Pounds are becoming kilos. You are probably thinking that I am about to re-launch the debate of imperial versus metric. I'm not. I'm talking about the latest currency used to express our supply chain performance.
Carbon emissions are the new obsession for businesses. Whether they are expressing genuine environmental convictions or trying to comply with new EU regulations is beside the point. A client recently said to me: for us supply chain people, it is just a matter of replacing euros with carbon dioxide kilos. And I would tend to agree.
A leaner and more effective supply chain is likely to be greener too. In fact, many articles and white papers on reducing the carbon footprint tend to sell it as a bundle: 'cut carbon emissions and make cost savings'.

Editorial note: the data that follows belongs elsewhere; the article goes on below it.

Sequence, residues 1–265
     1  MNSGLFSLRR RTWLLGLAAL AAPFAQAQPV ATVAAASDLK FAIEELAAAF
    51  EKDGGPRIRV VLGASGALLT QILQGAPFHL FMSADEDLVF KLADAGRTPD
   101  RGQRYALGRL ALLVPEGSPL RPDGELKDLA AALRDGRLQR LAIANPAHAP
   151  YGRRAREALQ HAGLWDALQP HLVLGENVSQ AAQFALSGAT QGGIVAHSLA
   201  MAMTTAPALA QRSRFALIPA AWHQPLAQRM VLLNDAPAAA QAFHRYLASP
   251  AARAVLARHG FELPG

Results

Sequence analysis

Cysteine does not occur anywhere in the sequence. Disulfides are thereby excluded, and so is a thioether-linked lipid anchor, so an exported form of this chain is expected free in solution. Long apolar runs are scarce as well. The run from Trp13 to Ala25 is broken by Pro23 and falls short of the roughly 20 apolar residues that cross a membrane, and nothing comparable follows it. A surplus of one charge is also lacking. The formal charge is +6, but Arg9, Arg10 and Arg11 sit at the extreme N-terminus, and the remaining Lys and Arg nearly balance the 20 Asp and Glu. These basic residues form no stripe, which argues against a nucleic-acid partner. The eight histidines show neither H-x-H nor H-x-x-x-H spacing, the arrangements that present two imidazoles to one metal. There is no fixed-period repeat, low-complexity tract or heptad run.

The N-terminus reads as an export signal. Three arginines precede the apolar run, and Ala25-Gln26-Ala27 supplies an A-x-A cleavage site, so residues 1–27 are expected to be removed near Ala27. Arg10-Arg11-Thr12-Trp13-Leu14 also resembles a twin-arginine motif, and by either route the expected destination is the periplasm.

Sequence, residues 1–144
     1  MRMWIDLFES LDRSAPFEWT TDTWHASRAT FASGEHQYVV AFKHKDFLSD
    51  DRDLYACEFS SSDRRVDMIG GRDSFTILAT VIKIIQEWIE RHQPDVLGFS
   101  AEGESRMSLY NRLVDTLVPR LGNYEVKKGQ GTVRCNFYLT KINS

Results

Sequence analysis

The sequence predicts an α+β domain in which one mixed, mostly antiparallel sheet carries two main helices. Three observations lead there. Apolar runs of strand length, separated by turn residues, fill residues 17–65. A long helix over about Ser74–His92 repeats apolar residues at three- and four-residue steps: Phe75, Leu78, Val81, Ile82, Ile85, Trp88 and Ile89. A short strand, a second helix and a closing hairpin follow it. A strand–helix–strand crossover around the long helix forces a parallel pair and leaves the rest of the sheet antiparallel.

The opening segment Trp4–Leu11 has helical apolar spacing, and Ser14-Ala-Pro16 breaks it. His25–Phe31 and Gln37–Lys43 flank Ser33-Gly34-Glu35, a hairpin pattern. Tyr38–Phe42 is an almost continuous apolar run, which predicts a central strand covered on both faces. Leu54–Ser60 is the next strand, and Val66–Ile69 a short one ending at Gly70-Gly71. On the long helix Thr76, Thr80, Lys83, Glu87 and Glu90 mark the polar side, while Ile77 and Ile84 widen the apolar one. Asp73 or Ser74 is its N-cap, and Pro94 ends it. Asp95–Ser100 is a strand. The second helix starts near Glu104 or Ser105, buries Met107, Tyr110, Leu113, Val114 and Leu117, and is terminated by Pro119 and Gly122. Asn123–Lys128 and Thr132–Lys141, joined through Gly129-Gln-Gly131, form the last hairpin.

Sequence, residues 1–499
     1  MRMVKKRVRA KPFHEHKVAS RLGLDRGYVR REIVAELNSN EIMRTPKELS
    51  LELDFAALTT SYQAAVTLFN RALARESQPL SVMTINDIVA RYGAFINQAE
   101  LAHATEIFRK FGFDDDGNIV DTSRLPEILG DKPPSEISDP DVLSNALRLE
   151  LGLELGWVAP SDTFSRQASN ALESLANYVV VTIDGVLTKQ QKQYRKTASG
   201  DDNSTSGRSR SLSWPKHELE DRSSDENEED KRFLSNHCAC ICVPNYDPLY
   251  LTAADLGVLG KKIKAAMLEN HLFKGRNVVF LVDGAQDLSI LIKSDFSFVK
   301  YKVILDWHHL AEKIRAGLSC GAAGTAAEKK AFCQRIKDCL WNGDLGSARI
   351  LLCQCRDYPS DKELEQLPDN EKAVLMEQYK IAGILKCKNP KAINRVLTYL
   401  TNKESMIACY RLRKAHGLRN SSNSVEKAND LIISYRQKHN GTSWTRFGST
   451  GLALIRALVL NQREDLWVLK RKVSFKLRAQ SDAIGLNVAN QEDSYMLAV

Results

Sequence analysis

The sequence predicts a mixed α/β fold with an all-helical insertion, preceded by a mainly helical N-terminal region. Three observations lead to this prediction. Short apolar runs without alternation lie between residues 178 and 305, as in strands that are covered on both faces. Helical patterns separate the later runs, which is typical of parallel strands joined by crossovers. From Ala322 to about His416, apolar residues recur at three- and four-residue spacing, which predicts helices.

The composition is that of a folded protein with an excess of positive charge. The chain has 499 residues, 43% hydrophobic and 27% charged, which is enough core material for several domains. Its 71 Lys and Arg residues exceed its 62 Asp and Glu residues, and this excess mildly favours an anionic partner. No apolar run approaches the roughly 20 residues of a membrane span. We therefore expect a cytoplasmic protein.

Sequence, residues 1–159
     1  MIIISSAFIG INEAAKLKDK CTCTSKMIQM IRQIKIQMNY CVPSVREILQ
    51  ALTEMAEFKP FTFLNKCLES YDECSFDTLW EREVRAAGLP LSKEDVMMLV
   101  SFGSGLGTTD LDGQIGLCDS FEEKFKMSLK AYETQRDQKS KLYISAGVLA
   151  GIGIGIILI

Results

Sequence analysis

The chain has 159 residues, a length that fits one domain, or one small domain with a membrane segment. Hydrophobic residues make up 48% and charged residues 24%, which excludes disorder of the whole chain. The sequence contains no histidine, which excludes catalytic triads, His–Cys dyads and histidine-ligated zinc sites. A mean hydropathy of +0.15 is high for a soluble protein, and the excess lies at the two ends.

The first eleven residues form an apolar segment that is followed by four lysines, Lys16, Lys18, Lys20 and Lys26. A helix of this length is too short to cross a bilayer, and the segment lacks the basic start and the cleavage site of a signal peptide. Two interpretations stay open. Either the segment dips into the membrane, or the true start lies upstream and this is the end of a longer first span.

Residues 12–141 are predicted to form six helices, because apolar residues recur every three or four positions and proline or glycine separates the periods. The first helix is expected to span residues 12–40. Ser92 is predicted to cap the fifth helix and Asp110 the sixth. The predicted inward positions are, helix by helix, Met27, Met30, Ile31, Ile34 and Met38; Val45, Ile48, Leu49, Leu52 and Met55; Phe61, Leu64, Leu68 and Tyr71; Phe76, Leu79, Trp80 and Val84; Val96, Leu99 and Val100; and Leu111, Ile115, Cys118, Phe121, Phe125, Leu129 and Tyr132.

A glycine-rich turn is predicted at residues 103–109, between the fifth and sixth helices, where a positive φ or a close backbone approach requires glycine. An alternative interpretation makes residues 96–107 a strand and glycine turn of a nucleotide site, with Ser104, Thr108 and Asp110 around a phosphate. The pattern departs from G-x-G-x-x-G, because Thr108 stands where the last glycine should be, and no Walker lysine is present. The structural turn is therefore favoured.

What I find most interesting is that this new unit of expressing supply chain performance forces many issues with which Sterling or euros had struggled.
Take the idea of planning for instance. In private, even the big corporations will admit that supply chain planning in the medium or long term does not come naturally. Yet in carbon dioxide terms, businesses are starting to use methodologies and software to calculate the carbon footprint through the lifetime of their products.
The green unit is also taking supply chain collaboration to a new level. Indeed, the footprint of a product tends to be looked at as a whole, not on a 'which bit did you generate' basis.
So businesses are keen to get their suppliers to adopt leaner and greener ways, because it will ultimately reflect back on them. In fact, with the carbon dioxide coins in circulation, the extent of the supply chain to be planned and managed has grown; it now includes post-consumption considerations, such as recycling and packaging disposal.
My client was right: you more or less replace our currency with the new unit - even sales and operations planning process works well with carbon dioxide kilos.
Hugh Williams is founder of supply chain planning specialist Hughenden.